Setting the theme in context of a specific genre can help to narrow the idea. With this process, we’re going with what our gut knows is typical of that genre, and what fans of that genre are accustomed to. Of course, we can certainly push the limits of a genre, providing we’re still relevant to the fans who listen.

As I hoped to clearly express in my book, Popular Lyric Writing: 10 Steps to Effective Storytelling, what makes our songs unique is our perspective. In songs in which the lyric takes a major role, ‘what’ we write about isn’t nearly as important as ‘how’ we write it. We can all write a love song, but what makes that love song believable and heartfelt are the details each of us brings based on our personal perspectives. So write your next song boldly, and infuse it with experiences that matter to you. And when you don’t know what to write about, ask yourself if you’re getting specific enough. Choose a major theme, and think of a time in your life when that theme became real for you.

Happy writing,

Andrea Stolpe

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Co-writing can be a truly freeing experience. In a good co-writing relationship, we can expect to come upon ideas together we wouldn’t have normally thought of on our own, broaden our lyrical and musical scopes, finish songs faster much less finish them at all, and just plain have a good time. Even co-writing relationships that last only a short time have monumental benefits for each writer. It’s not unusual for two writers to come together and without a previous meeting or relationship, write a truly fantastic song.

As with all working relationships, co-writing requires some special skills on both sides. At some point both parties will need to be flexible, to trust the other’s judgment, and keep a commitment to work on the song until it satisfies both writing partners. Sometimes the pacing of each writer is different, one writer accustomed to tossing around ideas quickly, and another more comfortable with processing an idea internally before offering it up for consideration. There’s no wrong way to write if it yields good material, and so it is with co-writing. What works for one pair may not work at all for another.

But what about those situations in which the relationship goes sour, or disappears into thin air when there is half a song in the balance? Who owns what? What if one party wants to demo the song and another doesn’t? Who pays for the demo? What if you’re not proud of the song, but your co-writer is playing it everywhere for everyone with your name plastered all over it?

There may not be rules, but there are some good guidelines of conduct we can apply to these situations. The first guideline is to sit down with your co-writer before beginning to write and discuss how you both wish to divide up the song. Whether you’re a lyricist and don’t write any music, or both you and your co-writer are both chipping away at lyric and music ideas at the same time, a very common split is 50/50. That means that even if you’re writing with an artist, and that artist simply says ‘yes, I like that’ or ‘no I don’t like that,’ the split is still 50/50. The reasoning here is that over time, all of us are more or less helpful in coming up with song material during a writing session. What goes around comes around, and to count words or count notes that belong to each writer just complicates things and adds unnecessary stress to the relationship.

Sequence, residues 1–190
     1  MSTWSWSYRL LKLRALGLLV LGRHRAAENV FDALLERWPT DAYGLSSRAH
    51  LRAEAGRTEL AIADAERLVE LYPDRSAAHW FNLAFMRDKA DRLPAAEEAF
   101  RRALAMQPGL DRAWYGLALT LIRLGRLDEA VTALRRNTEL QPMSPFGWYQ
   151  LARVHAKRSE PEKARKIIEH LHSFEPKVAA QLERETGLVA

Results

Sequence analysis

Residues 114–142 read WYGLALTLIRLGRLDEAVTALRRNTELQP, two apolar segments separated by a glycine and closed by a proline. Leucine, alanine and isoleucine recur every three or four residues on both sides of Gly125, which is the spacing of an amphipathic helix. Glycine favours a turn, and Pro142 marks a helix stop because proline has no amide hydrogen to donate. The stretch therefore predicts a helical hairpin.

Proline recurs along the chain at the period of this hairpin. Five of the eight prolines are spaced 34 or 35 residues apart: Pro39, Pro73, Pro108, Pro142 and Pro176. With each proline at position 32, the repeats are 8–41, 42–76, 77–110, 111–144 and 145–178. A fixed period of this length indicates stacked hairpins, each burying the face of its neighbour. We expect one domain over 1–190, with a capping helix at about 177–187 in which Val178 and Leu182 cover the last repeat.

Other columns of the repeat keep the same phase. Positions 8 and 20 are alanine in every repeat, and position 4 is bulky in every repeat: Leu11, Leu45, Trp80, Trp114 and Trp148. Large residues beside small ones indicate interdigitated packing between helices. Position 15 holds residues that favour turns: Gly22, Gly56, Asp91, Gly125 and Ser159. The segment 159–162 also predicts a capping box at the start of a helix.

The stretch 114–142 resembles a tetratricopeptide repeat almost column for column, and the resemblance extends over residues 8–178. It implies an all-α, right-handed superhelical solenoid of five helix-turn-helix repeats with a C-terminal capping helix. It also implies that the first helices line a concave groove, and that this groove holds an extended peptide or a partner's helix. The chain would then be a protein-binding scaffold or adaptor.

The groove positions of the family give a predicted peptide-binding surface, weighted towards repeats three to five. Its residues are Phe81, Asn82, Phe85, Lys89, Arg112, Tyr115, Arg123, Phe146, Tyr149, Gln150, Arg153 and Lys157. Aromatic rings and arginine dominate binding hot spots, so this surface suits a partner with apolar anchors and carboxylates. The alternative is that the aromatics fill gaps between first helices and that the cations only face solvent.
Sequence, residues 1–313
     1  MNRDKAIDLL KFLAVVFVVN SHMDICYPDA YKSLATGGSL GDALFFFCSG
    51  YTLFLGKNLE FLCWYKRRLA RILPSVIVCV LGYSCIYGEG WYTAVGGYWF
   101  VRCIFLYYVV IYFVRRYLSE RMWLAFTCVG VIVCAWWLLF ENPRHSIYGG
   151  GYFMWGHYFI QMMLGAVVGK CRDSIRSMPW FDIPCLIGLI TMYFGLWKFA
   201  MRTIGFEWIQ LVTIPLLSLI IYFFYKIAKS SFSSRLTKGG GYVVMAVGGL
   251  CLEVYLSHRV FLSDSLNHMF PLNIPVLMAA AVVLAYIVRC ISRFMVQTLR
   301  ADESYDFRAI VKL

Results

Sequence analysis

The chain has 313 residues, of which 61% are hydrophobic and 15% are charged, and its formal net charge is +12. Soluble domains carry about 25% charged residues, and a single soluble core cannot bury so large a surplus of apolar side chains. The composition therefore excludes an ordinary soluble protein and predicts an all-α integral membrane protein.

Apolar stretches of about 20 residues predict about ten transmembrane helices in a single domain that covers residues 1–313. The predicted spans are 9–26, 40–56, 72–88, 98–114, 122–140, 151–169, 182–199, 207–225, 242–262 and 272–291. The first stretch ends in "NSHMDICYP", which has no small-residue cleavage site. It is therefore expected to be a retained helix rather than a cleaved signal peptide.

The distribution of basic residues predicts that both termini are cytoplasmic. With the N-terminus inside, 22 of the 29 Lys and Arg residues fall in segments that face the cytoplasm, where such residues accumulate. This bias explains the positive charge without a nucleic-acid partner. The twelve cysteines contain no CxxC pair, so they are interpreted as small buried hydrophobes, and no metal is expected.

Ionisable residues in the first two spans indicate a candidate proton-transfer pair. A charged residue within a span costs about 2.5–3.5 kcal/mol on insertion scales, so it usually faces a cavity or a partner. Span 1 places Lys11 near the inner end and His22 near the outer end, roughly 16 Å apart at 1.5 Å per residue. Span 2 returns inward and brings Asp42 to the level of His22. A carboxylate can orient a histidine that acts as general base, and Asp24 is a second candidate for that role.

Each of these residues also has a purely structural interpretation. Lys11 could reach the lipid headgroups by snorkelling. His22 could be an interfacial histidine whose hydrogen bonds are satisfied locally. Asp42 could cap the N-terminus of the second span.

It’s not uncommon for the writers to lose steam mid-way through the song, and the tune sits unfinished for months on end. If the idea is really as good as you thought it was when you started it, you’ll know after hearing it again for the first time. If you’re bound and determined to finish a tune and your cowriter is MIA, you don’t have to scrap the tune. What I’ve done in the past is let my co-writer know through an email and a phone message that I’d like to finish the tune, and to please let me know when is convenient to get together. If I get no response, I leave another message and email, this time with a deadline after which I will finish the song on my own if he/she doesn’t respond. Now, if we’ve signed a split sheet agreeing to a 50/50 split, then that agreement still stands. If no agreement was signed, I let my co-writer know that I plan on finishing the song as 50/50 (if I intend on keeping what we wrote together). If I want to scratch the whole tune, keeping the title I brought into the co-writing session, for example, then I let my co-writer know that is what I intend to do. His/her lack of communication is an acceptance of the terms.